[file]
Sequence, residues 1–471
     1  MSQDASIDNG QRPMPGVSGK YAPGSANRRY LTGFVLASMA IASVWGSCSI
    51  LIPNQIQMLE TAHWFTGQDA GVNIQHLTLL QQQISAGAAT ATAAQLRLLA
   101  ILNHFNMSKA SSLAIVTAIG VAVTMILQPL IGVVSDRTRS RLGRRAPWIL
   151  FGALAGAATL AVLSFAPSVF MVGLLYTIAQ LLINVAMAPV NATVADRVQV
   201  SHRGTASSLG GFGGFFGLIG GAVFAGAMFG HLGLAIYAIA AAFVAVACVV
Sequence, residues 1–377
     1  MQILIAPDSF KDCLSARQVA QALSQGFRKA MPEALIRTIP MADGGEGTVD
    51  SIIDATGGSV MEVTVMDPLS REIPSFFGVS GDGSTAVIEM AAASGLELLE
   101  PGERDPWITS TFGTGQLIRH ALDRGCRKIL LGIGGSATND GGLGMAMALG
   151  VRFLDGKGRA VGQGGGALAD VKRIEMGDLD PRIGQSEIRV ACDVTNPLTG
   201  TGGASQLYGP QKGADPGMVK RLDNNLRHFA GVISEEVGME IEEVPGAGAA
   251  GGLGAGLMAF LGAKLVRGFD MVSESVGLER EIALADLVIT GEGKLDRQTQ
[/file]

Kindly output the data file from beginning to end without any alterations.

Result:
Sequence, residues 1–471
     1  MSQDASIDNG QRPMPGVSGK YAPGSANRRY LTGFVLASMA IASVWGSCSI
    51  LIPNQIQMLE TAHWFTGQDA GVNIQHLTLL QQQISAGAAT ATAAQLRLLA
   101  ILNHFNMSKA SSLAIVTAIG VAVTMILQPL IGVVSDRTRS RLGRRAPWIL
   151  FGALAGAATL AVLSFAPSVF MVGLLYTIAQ LLINVAMAPV NATVADRVQV
   201  SHRGTASSLG GFGGFFGLIG GAVFAGAMFG HLGLAIYAIA AAFVAVACVV
Sequence, residues 1–377
     1  MQILIAPDSF KDCLSARQVA QALSQGFRKA MPEALIRTIP MADGGEGTVD
    51  SIIDATGGSV MEVTVMDPLS REIPSFFGVS GDGSTAVIEM AAASGLELLE
   101  PGERDPWITS TFGTGQLIRH ALDRGCRKIL LGIGGSATND GGLGMAMALG
   151  VRFLDGKGRA VGQGGGALAD VKRIEMGDLD PRIGQSEIRV ACDVTNPLTG
   201  TGGASQLYGP QKGADPGMVK RLDNNLRHFA GVISEEVGME IEEVPGAGAA
   251  GGLGAGLMAF LGAKLVRGFD MVSESVGLER EIALADLVIT GEGKLDRQTQ